Over the past 20 years, some store formats, including supercenters, dollar stores and warehouse club stores have increased their share of Americans’ spending on “at-home food”—food and beverages purchased from retail stores as opposed to away-from-home eateries. In 1994, conventional supermarkets accounted for 75.9% of at-home food sales, whereas supercenters and warehouse club stores accounted for 3%. By 2014, supermarkets’ share of at-home food sales fell to 64.9%, while supercenters’ and warehouse club stores’ share rose to 16.5%.

A study produced by USDA’s Economic Research Service (ERS) used household purchasing data to compute “healthy basket” scores for the foods and beverages purchased each month by a household. Scores were highest for warehouse club stores (8.3), supermarkets (8.2) and supercenters (8.0). Healthful foods recommended for increased consumption, such as dark green vegetables, whole fruits and low-fat dairy products, scooped up a larger share of total food purchases from these store formats than from other formats. Mass merchandisers followed with a score of 6.2.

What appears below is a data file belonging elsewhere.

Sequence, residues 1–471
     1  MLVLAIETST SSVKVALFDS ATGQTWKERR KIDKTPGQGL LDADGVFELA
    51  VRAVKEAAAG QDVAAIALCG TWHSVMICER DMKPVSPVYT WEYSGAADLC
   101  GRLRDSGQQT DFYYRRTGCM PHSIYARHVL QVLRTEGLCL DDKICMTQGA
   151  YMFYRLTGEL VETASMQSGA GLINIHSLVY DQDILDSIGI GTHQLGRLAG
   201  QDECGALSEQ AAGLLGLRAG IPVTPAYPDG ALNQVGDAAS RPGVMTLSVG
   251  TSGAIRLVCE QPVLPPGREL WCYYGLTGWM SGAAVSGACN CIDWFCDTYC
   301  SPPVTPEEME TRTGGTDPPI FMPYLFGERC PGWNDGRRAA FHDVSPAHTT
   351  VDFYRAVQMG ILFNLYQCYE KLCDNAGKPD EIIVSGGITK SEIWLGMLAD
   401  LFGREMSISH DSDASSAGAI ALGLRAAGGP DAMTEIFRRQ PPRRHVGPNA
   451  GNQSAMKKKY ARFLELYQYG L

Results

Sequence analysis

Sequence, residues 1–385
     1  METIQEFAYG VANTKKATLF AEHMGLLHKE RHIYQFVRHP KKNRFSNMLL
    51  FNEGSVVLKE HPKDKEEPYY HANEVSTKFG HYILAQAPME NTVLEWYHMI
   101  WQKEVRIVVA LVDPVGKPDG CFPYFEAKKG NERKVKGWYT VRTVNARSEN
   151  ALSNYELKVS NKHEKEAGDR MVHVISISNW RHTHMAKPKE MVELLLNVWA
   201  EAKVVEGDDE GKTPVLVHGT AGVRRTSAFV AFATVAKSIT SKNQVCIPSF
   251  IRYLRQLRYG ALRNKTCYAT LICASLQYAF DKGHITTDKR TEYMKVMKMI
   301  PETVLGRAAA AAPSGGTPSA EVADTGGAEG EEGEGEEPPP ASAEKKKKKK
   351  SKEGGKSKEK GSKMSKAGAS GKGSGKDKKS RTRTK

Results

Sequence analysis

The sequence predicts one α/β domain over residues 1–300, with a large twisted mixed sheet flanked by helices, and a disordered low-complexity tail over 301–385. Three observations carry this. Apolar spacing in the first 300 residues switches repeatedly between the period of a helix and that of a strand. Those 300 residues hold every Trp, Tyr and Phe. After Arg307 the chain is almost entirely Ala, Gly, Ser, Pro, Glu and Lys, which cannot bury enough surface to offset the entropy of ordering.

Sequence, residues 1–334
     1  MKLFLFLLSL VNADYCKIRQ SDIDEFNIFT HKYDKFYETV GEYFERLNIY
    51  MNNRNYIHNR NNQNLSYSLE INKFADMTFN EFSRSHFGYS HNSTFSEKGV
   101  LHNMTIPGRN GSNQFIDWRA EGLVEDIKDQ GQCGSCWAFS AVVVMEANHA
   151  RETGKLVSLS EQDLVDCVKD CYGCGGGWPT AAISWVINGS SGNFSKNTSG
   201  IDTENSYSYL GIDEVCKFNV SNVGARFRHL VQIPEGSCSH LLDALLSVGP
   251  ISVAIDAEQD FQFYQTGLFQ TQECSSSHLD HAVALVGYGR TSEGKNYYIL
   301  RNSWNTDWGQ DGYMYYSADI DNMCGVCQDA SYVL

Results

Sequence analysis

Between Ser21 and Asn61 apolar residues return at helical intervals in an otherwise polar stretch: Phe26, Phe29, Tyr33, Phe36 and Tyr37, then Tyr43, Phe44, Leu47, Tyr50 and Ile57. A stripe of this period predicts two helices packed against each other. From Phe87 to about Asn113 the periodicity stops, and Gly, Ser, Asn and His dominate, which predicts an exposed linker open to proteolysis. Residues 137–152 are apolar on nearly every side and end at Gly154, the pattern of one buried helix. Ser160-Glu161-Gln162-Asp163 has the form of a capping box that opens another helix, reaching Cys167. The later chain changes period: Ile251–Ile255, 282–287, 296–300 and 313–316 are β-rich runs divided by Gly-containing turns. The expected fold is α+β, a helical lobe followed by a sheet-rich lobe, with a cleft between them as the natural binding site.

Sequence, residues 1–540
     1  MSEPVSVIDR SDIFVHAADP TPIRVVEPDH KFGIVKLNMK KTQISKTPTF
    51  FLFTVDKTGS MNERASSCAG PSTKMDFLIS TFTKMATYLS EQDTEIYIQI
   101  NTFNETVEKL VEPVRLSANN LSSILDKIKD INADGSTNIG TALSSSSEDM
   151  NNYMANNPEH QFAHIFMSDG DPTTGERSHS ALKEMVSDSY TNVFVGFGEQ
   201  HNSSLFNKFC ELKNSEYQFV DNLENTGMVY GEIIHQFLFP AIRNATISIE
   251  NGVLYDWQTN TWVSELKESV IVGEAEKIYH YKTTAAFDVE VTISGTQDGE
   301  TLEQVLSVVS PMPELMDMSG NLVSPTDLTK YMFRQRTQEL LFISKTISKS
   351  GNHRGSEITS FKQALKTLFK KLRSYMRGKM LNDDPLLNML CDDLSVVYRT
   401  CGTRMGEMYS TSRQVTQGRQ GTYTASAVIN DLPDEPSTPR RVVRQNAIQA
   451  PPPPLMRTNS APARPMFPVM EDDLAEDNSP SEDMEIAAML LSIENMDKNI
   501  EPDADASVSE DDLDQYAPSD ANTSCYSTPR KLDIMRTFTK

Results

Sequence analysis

The higher the score, the closer the household’s purchases aligned with healthy-diet expenditure shares informed by the food categories and recommendations outlined in USDA’s Low-Cost, Moderate-Cost and Liberal Food Plans, which represent a nutritious diet at three different cost levels. Monthly food shopping baskets were categorized by the dominant store format, accounting for the household’s largest share of food expenditures. Household food baskets dominated by purchases from drug stores, convenience stores and dollar stores had the least healthful purchases. Drug stores, convenience stores and dollar stores accounted for the largest shares of the least healthful foods, such as soft drinks and sugar, sweets and candies. The average score for convenience store baskets was half that for warehouse club store baskets.

Over 2008-12, an average of 67% of households predominantly shopped at supermarkets, 17% at supercenters, 6% at warehouse club stores and 2% at mass merchandisers. The other 8% shopped predominately at smaller formats—drug, dollar, convenience and other store formats. Households that regularly shop at multiple formats within a given month may skew overall scores for certain format types because all food purchases are assigned to the dominant store format. However, these households account for fewer than 25% of the households analyzed in the study.